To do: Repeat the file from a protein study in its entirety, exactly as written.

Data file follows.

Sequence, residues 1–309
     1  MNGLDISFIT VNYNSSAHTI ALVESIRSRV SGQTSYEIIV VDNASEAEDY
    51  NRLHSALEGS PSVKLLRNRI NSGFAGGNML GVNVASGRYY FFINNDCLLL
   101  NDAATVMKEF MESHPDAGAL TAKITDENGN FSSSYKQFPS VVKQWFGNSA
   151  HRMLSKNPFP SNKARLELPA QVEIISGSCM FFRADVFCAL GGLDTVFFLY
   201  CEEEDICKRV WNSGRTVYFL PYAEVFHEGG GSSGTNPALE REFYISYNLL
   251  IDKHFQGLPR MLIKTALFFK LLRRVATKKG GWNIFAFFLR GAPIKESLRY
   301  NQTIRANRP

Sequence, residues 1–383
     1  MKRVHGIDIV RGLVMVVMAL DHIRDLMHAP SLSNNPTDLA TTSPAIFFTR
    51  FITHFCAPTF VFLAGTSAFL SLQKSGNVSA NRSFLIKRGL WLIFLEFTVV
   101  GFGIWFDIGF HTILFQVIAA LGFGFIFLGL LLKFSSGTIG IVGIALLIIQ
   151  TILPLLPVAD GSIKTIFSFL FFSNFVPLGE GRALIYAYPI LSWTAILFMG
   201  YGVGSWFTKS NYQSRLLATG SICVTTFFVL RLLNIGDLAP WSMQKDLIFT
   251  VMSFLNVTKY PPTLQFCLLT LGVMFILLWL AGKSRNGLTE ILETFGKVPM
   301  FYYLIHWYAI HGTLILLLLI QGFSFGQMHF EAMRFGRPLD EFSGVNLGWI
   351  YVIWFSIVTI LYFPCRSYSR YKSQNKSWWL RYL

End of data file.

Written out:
Sequence, residues 1–309
     1  MNGLDISFIT VNYNSSAHTI ALVESIRSRV SGQTSYEIIV VDNASEAEDY
    51  NRLHSALEGS PSVKLLRNRI NSGFAGGNML GVNVASGRYY FFINNDCLLL
   101  NDAATVMKEF MESHPDAGAL TAKITDENGN FSSSYKQFPS VVKQWFGNSA
   151  HRMLSKNPFP SNKARLELPA QVEIISGSCM FFRADVFCAL GGLDTVFFLY
   201  CEEEDICKRV WNSGRTVYFL PYAEVFHEGG GSSGTNPALE REFYISYNLL
   251  IDKHFQGLPR MLIKTALFFK LLRRVATKKG GWNIFAFFLR GAPIKESLRY
   301  NQTIRANRP

Sequence, residues 1–383
     1  MKRVHGIDIV RGLVMVVMAL DHIRDLMHAP SLSNNPTDLA TTSPAIFFTR
    51  FITHFCAPTF VFLAGTSAFL SLQKSGNVSA NRSFLIKRGL WLIFLEFTVV
   101  GFGIWFDIGF HTILFQVIAA LGFGFIFLGL LLKFSSGTIG IVGIALLIIQ
   151  TILPLLPVAD GSIKTIFSFL FFSNFVPLGE GRALIYAYPI LSWTAILFMG
   201  YGVGSWFTKS NYQSRLLATG SICVTTFFVL RLLNIGDLAP WSMQKDLIFT
   251  VMSFLNVTKY PPTLQFCLLT LGVMFILLWL AGKSRNGLTE ILETFGKVPM
   301  FYYLIHWYAI HGTLILLLLI QGFSFGQMHF EAMRFGRPLD EFSGVNLGWI
   351  YVIWFSIVTI LYFPCRSYSR YKSQNKSWWL RYL